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Championship Bull Riding in Tennessee
In the sport of bull riding, three-time PRCA World Champion Tuff Hedeman is legendary. Currently Championship Bull Riding (CBR) Ambassador, his remarkable career spans most of his lifetime. Riding since he was 4 years old, Tuff worked his way through the ranks of bull riding, earning the New Mexico High School Rodeo Association Championship in 1980 and multiple top honors in collegiate bronc riding, bull riding, team roping and steer wrestling. He secured the National Collegiate Finals Championship in 1983, then turned pro and began touring and claiming titles with the legendary Lane Frost. Tuff's credits include 3 World Championships: his first in 1986 when he set a world record
with $137,061 in earnings, his second in 1989, and his third in 1991. Shortly thereafter, Tuff co-founded the Professional Bull Riders (PBR) and secured the 1995 PBR World Championship title. “Without Tuff there would be no stand-alone bull riding events other than BRO (Bull Riders Only). Without Tuff the PBR would never have happened,” said 8-time World Champion Donnie Gay.
The iconic bull rider was in Jackson, Tennessee on January 17-18, 2014 directing the Championship Bull Riding Bud Light Bull Riding Classic. The two-day televised event, presented by Alan Vines Automotive, drew six World Champions and professional bull riders from across the country, including several from Tennessee. The audible excitement of the large crowd was heard each time a local bull rider broke from the chute.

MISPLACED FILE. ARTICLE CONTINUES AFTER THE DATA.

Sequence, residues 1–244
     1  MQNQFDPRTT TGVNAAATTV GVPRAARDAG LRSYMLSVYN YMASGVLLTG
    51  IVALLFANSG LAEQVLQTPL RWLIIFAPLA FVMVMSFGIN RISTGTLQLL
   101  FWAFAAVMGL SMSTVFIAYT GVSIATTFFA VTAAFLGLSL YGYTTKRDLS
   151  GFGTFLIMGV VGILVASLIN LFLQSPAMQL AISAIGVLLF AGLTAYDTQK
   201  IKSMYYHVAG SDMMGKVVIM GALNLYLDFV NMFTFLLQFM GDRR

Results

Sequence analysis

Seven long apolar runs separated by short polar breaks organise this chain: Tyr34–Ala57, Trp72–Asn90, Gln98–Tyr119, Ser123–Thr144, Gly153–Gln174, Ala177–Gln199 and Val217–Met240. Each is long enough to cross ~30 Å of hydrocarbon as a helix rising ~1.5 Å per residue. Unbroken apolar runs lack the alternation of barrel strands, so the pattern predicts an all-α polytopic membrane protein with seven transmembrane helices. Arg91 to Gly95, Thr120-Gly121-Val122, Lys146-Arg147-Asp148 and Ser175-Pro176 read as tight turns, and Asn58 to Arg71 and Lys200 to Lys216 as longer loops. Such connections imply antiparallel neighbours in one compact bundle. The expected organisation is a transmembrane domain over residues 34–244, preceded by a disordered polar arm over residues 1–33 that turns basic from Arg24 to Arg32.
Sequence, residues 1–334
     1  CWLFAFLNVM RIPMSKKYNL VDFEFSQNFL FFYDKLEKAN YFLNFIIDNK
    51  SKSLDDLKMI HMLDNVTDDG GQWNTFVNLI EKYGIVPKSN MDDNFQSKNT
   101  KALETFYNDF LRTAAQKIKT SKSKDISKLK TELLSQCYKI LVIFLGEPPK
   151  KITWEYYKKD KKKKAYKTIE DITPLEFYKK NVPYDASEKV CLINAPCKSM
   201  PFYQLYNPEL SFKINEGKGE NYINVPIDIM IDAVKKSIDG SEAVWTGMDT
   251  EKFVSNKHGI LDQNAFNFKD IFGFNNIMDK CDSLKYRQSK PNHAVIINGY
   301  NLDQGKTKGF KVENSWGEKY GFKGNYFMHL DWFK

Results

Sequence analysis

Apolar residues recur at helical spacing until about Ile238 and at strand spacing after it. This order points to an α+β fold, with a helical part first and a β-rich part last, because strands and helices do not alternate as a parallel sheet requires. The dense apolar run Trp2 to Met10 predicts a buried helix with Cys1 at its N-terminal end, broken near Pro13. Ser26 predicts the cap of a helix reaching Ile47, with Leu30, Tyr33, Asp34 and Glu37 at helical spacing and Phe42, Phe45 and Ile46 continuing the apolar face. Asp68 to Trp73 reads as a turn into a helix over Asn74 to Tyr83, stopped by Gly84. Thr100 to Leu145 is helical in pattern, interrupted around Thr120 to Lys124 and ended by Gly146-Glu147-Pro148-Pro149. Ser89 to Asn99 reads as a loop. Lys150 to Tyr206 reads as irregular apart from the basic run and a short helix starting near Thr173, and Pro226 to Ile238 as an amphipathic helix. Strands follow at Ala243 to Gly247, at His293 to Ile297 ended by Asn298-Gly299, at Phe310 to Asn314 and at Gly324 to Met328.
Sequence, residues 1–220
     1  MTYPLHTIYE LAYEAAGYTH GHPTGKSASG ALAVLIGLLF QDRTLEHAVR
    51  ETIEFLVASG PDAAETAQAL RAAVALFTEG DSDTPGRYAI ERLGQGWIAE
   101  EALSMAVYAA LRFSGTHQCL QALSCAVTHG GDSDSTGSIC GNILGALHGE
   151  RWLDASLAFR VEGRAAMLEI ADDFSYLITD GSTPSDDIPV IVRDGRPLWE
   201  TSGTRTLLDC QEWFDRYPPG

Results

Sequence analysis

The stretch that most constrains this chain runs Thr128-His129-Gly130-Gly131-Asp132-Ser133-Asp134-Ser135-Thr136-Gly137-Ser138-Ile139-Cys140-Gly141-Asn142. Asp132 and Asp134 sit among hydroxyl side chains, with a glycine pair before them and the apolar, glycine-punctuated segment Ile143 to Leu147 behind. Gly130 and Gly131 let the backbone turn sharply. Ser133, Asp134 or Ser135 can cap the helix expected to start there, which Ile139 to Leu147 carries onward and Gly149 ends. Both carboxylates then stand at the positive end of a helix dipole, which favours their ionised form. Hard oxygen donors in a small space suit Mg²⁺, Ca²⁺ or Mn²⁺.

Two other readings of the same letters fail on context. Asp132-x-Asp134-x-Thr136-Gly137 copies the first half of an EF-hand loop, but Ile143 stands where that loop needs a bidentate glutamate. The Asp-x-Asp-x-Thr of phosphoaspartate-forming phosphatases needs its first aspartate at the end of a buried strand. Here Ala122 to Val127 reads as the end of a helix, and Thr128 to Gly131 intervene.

Brandon Carter riding Priddy Cool was the first to go on Friday. The twenty-eight-year old from Brownsville, Tennessee first started riding cows when he was seven. He and his best friend would make their own bull chutes, practicing with cows before switching to bulls when they were older.
Corey Bailey fell in love with bull riding after his first ride at the age of ten. The Paris, Tennessee native, who grew up riding horses, aspires to win a bull riding championship and be World Champion. The three-time Tennessee High School State Rodeo Champion is currently ranked third in the CBR World Standings. When he’s not riding, the quiet, soft-spoken, twenty-two-year old spends “all his time” watching videos.
“I learn by watching, getting it stuck in mind. I visualize myself, repeating the motions over and over in my head until I can do it in my sleep,” he said humbly.
Wes Woods, from Lexington, Tennessee, riding Little Z, was the last local rider to go. The son of Roger Woods, a world champion in penning, was himself team penning Novice Champion in 1995. He started riding bulls when he was fifteen. He rode pro until the untimely death of his older brother Brad in 2005. After several years away from the sport he loves, the thirty-five-year old business man and father of two, returned to professional bull riding in front of a thundering crowd.
Results: The four-man final shoot out round pitted Cooper Davis, CBR second place finisher in 2013 against the reigning Professional Rodeo Cowboys Association (PRCA) champion J.W. Harris, from Mullin, Texas, Friday night’s event winner and the 2012 PRCA champion Cody Teel from Kountze, Texas, and Sage Steele Kimzey, a rising star in the sport from Strong City, Okla., and the son of Ted Kimzey, a former PRCA barrelman and bullfighter. Eventually, the title and check came down to Harris and Davis. Davis scored 91.5 on Mike Rawson’s Raven’s Mistake, ahead of Harris who had a 90 on Exclusive Genetics’ Flab Slab. When their scores were tabulated, Cooper Davis had a three-point advantage over Harris for the win.
Article & photos by Jeremie Churchill
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